Brexit votes in House of Commons (April 1 2019)

Steve Brine posts a short explainer on tonight’s votes in Parliament...

This evening the House of Commons held day two of the process known as “indicative votes”.

After the failure of the House to agree any Brexit ‘deal’, including three times rejecting the draft Withdrawal Agreement negotiated between the UK Government and the EU, MPs are attempting to see if there is any alternative we CAN unite around.

I wholeheartedly support this process and, in-part, stepped down from my Ministerial role to ensure it happened. I am clear it should have happened two years ago before we triggered Article 50 following the 2017 General Election which produced a Parliament where neither party has an overall majority.

To be clear, the indicative votes process is all about the political declaration which will steer UK negotiators as we discuss the future relationship with the European Union.

All options require a withdrawal agreement which is how we leave and comprises the transition period (rightly) asked for by British business. It is the WA which also guarantees citizens rights, the divorce bill and cooperation on important issues such as security and trade.

Last week we debated eight motions from EFTA membership to a customs union, a second referendum and revocation of Article 50.

That first day of the process produced no majority for any option but the closest to achieving such was Ken Clarke’s proposed customs union and a confirmatory vote put forward by Dame Margaret Beckett.

Day two - today’s knock out stage to last week’s group phase to follow a football analogy - saw four motions selected for debate.

I sat through (and took part several times) the entire debate and voted the following ways:



Motion C (Ken Clarke): Customs Union

Motion D (Nick Boles): Common Market 2.0

Motion E (Peter Kyle): Confirmatory public vote 


Abstain/Did not vote:

Motion G (Joanna Cherry): Parliamentary supremacy revocation of Article 50


You can see the full text of all motions on today’s Commons Order Paper here:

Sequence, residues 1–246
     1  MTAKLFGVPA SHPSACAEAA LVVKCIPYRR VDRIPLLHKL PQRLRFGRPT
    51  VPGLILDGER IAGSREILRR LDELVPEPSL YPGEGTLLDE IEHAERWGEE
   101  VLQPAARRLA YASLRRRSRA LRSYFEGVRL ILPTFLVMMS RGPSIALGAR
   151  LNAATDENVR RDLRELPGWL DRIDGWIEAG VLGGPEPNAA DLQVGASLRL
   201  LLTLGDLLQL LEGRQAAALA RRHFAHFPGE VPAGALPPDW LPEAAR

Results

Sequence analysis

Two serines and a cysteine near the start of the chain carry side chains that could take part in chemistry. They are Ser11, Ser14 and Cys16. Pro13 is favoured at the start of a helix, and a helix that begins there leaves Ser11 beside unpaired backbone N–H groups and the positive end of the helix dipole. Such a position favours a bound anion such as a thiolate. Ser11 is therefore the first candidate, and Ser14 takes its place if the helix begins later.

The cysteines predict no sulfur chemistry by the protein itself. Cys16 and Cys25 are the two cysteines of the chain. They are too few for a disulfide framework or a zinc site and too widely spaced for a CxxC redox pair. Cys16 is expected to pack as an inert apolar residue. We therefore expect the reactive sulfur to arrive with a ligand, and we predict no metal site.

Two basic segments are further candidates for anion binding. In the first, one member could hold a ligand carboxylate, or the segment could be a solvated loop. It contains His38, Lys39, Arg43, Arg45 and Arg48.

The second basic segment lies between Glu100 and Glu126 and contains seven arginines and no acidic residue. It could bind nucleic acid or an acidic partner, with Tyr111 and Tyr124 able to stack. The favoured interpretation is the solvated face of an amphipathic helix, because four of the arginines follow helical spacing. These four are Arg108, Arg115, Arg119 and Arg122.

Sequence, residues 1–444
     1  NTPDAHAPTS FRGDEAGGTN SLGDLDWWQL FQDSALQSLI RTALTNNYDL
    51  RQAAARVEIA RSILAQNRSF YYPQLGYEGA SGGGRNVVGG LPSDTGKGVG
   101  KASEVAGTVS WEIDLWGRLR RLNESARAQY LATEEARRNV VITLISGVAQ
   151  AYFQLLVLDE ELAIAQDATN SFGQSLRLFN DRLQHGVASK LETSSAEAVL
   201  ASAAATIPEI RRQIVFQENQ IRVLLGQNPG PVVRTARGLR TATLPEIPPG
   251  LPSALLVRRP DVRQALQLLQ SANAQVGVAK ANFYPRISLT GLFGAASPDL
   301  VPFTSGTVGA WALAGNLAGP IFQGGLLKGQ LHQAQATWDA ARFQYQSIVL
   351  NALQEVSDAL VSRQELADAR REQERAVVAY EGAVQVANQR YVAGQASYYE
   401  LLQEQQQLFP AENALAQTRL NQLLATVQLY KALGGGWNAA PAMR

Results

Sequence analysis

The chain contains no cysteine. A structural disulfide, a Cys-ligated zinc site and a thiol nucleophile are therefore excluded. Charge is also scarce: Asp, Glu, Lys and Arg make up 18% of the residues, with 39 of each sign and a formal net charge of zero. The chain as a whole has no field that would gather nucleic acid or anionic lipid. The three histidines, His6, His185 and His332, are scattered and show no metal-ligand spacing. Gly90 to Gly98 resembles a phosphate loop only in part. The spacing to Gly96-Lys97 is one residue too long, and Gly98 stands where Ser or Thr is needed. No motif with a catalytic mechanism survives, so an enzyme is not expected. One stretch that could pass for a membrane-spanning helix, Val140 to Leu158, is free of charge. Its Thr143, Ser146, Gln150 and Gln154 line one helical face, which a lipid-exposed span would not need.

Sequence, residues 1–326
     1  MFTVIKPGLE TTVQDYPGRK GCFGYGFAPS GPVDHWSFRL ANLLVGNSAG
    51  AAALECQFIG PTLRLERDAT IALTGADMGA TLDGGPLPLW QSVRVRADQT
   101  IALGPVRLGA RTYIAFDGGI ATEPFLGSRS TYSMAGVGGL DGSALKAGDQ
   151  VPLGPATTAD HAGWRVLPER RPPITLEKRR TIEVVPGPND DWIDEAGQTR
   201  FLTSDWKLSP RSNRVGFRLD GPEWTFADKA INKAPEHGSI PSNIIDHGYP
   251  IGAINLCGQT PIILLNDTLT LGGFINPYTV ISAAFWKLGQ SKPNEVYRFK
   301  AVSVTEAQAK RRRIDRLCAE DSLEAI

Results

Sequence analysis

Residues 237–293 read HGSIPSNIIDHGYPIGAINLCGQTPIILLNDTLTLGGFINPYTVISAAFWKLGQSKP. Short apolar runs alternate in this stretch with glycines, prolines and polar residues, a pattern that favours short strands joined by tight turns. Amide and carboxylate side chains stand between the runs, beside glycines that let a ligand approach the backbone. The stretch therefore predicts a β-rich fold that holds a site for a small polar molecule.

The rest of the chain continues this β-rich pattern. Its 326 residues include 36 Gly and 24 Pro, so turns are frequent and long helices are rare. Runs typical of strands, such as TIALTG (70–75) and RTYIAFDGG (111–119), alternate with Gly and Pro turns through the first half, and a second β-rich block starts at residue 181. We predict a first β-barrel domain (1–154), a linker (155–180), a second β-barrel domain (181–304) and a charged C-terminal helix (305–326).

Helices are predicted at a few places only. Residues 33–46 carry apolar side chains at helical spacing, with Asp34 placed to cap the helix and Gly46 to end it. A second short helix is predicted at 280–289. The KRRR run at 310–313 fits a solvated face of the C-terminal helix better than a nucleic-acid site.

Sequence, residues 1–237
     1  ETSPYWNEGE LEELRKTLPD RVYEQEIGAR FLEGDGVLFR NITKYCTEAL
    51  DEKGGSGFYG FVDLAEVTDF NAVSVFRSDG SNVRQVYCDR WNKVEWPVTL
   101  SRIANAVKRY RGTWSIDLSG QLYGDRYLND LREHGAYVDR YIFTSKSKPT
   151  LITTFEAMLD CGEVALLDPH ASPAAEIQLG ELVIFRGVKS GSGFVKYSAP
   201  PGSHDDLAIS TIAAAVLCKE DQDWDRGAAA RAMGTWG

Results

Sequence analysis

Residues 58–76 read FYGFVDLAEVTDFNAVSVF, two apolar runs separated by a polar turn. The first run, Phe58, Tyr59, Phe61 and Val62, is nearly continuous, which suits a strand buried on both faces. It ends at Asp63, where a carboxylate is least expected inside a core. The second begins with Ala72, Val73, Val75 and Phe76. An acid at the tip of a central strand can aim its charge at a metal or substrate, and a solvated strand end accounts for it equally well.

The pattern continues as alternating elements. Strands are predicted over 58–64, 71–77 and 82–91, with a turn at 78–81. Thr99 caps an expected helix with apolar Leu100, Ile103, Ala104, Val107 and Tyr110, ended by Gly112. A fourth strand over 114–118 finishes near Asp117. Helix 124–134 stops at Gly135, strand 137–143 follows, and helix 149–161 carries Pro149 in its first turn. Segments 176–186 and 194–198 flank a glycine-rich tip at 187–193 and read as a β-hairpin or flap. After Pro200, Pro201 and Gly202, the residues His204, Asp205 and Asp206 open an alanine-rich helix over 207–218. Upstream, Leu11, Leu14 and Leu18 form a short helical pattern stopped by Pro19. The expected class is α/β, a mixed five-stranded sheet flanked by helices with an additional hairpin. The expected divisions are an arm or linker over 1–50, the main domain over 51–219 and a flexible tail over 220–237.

The results, announced just after 10pm, were as follows:

Motion C: Aye 273 No 276

Motion D: Aye 261 No 282

Motion E: Aye 280 No 292

Motion G: Aye 191 No 292

I have voted three times for the Prime Minister’s Withdrawal Agreement and still think, when you look at the alternatives, it is a good deal that compares well and delivers on the referendum result. In short, it takes us from being part of a constitutional arrangement with the EU to a Treaty arrangement.

However, Parliament has refused (as recently as Friday) to back it so it is right - especially if like me you think it essential we avoid a no deal scenario- we look for a Plan B.

Indicative votes are about just that, indicative of what you can live with. They are not a perfect world solution and, as I said in the House today, no way forward is without consequence.

So I supported Ken Clarke’s customs union motion because it is a workable (we’re already in the EU’s customs union of course) proposal and commands wide support in Parliament cross-party.

I supported Nick Boles Common Market 2.0 proposal which has much going for it - and is closest to what the British people voted for in the first place when we entered the Common Market - but would not allow us to wholly end free movement.

Thirdly, I supported the motion which calls for a confirmatory public vote on any withdrawal agreement and framework for the future relationship agreed by Parliament.

I have consistently said, if Parliament cannot settle this or come to any conclusion, ALL options must remain on the table so it would not be right to vote to take it off the table at this stage.

We should be very clear, tonight’s vote does not legislate for another public vote. It merely keeps it in play, as an insurance policy, and because it was defeated (along with any deal to put to a confirmatory vote) will have to come back to Commons again and be proposed by the Government if it were to become a reality.

That could, for-instance, involve the Prime Minister’s deal being put to a confirmatory vote given Parliament cannot agree it. What any such poll would look like in reality is still totally unclear and questions remain around the question, the options, the franchise, the winning threshold etc.

Going back to the public would be a failure of Parliament and, I repeat, come with significant consequences.

The long and short of it continues to be that Parliament has clearly said it doesn’t want no deal so it must continue to seek compromise and settle on A deal.

I will continue to work day and night in that pursuit.